Chuzhal: Round the Spiral, Down the Rabbit Hole

The ideas presented in the film, while true to the overall themes of the film, are undercooked and half-pursued
Chuzhal: Round the Spiral, Down the Rabbit Hole

Ever since Kubrick tracked Jack and his family's slow car ride to the Overlook Hotel in the opening of The Shining, every movie about characters going on a trip where they end up trapped in some hill station feels compelled to pay homage to the master. The opening of Chuzhal, the 2021 Malayalam film, is one of the most mesmerising homages to The Shining I've seen in recent years. Not only is it visually interesting and conveys the distance the protagonists have to travel, but it also foreshadows the doppelgänger shenanigans to follow.

Five friends, four of them men, are on their way to a wedding. The road is dangerous, with hard rock on one side, sheer cliff on the other. A jeep almost runs them off the side, and suddenly adrenaline and testosterone mix in dangerous combinations. The woman, Neenu (Nilja), is an ineffectual voice of reason as the men work themselves into a frenzy and chase after the jeep. Even as they vent their frustrations about the dangerous driving of the jeep, they themselves almost run another vehicle off the road. The theme of the movie — of characters entering an inescapable whirlpool of decisions and consequences — is the driving force of the plot in these early sequences and we can already feel the characters descending the spiral to a point of no return. By the time the men finish their impotent argument and get back to the wedding, they've already sealed their fate.

It's late at night as they make their way back from the wedding. There are miles more to go, and the road twists and turns as it snakes around cold misty hills. It's hard to keep track of time, and the impatience of being crammed together in a small car is getting to them.

Haven't we been this way, wonders one of the characters.

They decide to stay somewhere for the night, and what do you know, there's a villa just when they need one. The caretaker (Jaffer Idukki) is all too welcoming.

From here, the movie starts to unravel. Only part of the problem is the performances of the lead characters. This is clearly the first or one of the first projects of most of the people involved, and for that it is commendable. But the narrative asks for more than most of these actors can deliver. As soon as they are in the villa, strange things begin to happen. For the sake of spoilers, I won't reveal what happens, but it reminded me of the 2009 film Triangle, but in a good way. It never felt like a rip-off, it felt like the filmmakers were promising a narrative just as interesting as that film. Alas, that was not to be.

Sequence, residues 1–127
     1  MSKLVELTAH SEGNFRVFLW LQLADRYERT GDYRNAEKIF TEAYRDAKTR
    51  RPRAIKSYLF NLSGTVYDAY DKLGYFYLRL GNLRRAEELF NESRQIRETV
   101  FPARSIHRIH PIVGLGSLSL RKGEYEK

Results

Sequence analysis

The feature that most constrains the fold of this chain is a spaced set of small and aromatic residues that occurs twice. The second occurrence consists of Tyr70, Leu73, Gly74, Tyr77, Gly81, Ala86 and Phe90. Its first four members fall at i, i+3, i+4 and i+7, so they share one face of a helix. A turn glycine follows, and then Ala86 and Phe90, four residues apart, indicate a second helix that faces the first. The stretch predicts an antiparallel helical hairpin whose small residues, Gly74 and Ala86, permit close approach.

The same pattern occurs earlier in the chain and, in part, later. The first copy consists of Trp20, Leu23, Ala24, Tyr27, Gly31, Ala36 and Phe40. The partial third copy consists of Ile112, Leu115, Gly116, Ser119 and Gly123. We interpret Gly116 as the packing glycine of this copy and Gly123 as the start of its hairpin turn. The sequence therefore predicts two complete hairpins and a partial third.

The ideas presented in the film, while true to the overall themes of the film, are undercooked and half-pursued. It raises more questions than it answers, and it leaves a lot of unasked questions that leave you wondering if the script couldn't have used a couple of more passes.

Just like the script, the cinematography shines in some places, like the opening sequence, the long winding car rides, the sequence where Neenu escapes, and anytime the camera is on Jaffer Idukki, but it doesn't quite use the confined location of the Villa for maximum paranoia.

While the performances feel uneven for the most part, the one character that the movie absolutely needs to nail, it delivers in spades. Jaffer Idukki is the clothesline on which this movie hangs. And yes, some of the dialogue in the movie, especially where it counts the most, is just as forced as that metaphor I just used.

Chuzhal is one of those low-budget, atmospheric movies that is destined to be re-discovered after the people involved in the making of it go on to do better and greater things. It is the very definition of a stepping stone.

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